Crystals and glasses lie at the opposite poles of disorder. While much of solid-state physics has been concerned with understanding the physics of crystals, the other pole – where disorder plays the essential role for organization and where far-from-equilibrium effects are paramount – is much more subtle and difficult to understand. Glasses are the quintessential far-from-equilibrium material and have become the paradigm for studying many aspects of nature that include not only disordered matter but also far-from- equilibrium behavior. As our Collaboration has emphasized from the outset, understanding glasses requires a novel understanding of systems that have an extensive number of ground. Because of its importance for understanding disordered and far-from-equilibrium matter, the understanding of glasses has ramifications throughout nearly all of science. This Collaboration has been assembled with the study of glasses and jammed materials as its focus. Over the past year, several important developments have occurred.
Rheology: Understanding and predicting the dynamics of structural defects that give rise to dynamical deformation is the key to developing predictive theoretical models for flow and failure in glasses. For this reason, the Collaboration has put together a large group of researchers to quantify correlations between structural defects and deformation in computer glasses created with the Swap Monte Carlo method (developed within this collaboration) to compare defects in computer glasses across the brittle to ductile transition. A subset of indicators robustly predict deformation across different materials preparation. The Collaboration further demonstrated that the density of defects changes as a function of material preparation and strain in a manner that is highly correlated with the macroscopic material response.
Memory formation: Aging can only occur in systems that are not in their ordered, equilibrium state. However disordered solids change their response as they age. They thus retain a memory of how they have been manipulated. One focus of the Collaboration has been to study what kinds of memory can be stored and read out. This can occur in a wide variety of ways which have significant consequences for the behavior and functional properties that can be designed into a material. The process of directed aging is way that materials can be aged under external strains to achieve otherwise difficult-to-obtain function.
Model Systems: Over the past year the Collaboration has made substantial inroads into the study of the Random Lorentz Gas which is a minimal model of transport in heterogeneous media. Our Collaboration found that the mean-field solutions fall in the same universality class as glasses so that it can be considered as a particularly good starting point to study the nature of the excitations in real glassy systems. The Collaboration also found that instantonic corrections destroy the glass transition in finite dimensions. This provides a solid starting point for investigating the nature of dynamics in these systems. Another important model is a particulate sample composed of soft spheres interacting with a linear potential energy. The Collaboration showed that when overcompressed beyond the jamming point, this system falls in an amorphous solid phase which is critical, mechanically marginally stable and share many features with the jamming point itself. The relevant minima of the energy display an isostatic contact network.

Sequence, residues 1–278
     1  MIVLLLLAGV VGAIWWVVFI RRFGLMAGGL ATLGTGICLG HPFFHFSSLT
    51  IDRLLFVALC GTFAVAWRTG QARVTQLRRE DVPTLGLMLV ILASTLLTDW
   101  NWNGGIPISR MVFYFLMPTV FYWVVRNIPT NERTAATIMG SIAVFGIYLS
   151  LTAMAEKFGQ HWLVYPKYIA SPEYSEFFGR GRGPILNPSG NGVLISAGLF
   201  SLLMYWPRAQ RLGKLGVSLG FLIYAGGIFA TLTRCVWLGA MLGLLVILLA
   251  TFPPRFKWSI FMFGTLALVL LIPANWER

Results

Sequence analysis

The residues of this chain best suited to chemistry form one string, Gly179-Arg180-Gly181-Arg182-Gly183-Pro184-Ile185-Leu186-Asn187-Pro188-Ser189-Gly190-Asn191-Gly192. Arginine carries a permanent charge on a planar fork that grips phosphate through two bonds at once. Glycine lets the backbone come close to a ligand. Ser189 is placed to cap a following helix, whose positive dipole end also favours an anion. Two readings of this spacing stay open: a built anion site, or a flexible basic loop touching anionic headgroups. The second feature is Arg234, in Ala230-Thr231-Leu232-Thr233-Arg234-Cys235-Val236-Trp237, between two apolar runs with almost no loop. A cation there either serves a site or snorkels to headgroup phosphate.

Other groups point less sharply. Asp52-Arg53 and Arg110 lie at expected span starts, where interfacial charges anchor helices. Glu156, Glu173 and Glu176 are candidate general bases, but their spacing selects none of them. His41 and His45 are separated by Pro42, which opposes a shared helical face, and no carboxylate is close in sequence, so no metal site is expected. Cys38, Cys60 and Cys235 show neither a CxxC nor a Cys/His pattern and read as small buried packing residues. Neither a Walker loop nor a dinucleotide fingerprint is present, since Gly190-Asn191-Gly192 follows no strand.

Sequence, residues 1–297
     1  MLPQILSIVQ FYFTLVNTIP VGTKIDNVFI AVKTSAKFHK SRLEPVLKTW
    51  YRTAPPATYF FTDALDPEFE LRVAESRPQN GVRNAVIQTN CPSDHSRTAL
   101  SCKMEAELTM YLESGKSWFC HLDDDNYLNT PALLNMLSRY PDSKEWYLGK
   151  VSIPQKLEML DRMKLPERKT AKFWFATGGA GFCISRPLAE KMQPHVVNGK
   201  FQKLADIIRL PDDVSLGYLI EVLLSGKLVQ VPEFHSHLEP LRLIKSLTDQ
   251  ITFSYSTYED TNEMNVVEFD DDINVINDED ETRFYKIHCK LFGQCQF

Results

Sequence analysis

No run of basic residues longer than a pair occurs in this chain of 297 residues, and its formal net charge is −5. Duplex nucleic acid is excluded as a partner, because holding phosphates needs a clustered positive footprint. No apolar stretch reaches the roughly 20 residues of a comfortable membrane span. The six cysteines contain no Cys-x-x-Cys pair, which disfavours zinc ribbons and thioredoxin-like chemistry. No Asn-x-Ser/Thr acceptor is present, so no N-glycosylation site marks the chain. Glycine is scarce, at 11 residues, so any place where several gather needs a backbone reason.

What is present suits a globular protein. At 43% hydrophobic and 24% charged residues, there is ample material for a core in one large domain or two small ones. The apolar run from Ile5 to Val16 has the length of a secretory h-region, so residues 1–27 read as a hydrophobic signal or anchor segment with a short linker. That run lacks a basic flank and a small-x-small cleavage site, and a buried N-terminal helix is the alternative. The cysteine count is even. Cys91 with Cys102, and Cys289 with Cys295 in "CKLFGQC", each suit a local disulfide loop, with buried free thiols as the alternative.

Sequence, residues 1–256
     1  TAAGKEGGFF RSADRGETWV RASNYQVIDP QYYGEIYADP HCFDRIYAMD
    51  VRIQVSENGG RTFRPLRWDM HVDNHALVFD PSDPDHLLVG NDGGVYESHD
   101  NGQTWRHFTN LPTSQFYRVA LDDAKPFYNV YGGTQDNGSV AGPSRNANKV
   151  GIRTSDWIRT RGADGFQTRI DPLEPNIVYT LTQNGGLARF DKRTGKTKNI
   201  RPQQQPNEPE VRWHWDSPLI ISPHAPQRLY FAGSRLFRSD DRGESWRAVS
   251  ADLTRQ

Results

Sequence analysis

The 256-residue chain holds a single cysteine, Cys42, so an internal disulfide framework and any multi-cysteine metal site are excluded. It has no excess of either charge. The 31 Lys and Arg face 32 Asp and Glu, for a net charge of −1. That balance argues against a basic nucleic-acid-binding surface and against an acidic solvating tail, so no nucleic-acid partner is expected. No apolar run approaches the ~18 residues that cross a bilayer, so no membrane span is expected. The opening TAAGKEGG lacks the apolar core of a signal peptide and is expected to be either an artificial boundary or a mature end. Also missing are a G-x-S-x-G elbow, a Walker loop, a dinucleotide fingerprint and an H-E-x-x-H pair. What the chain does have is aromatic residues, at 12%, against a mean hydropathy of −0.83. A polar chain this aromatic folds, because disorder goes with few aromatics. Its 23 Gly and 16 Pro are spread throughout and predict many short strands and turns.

Low-temperature properties: Quantum-mechanical two-level excitations are believed to cause the excess excitations in glasses at low temperature. Our collaboration simulated glassy systems over a broad range of properties: from hyper-quenched to ultra-stable glasses. This was only possible because of the development of Swap Monte Carlo simulations by members of our Collaboration that achieve thermalization at exceedingly low temperatures. They located tunneling defects with energy splitting in the range where quantum effects are relevant. This allows an unprecedented systematic study of the nature of these otherwise elusive excitations in disordered matter.
Public Lecture (Wednesday, March 10)
Director of Research, French National Center for Scientific Research (CNRS)
Laboratoire Charles Coulomb
In this lecture, Ludovic Berthier will describe the world of amorphous materials and why scientists are interested in predicting and tuning their physical properties. The quest for a fundamental understanding of disordered materials has repeatedly led to the idea of an ‘ideal’ glassy state or an ‘optimal’ random structure. Modern theories of disordered systems offer refined descriptions of these elusive concepts but have also raised difficult questions about their applicability for real systems. In the last few years, novel experimental and computational techniques have been developed that bring actual materials much closer to the ideal glass state. This work reveals unexpected physical properties and sheds new light on the very concept of an ideal glass state of matter.
- Talk Slides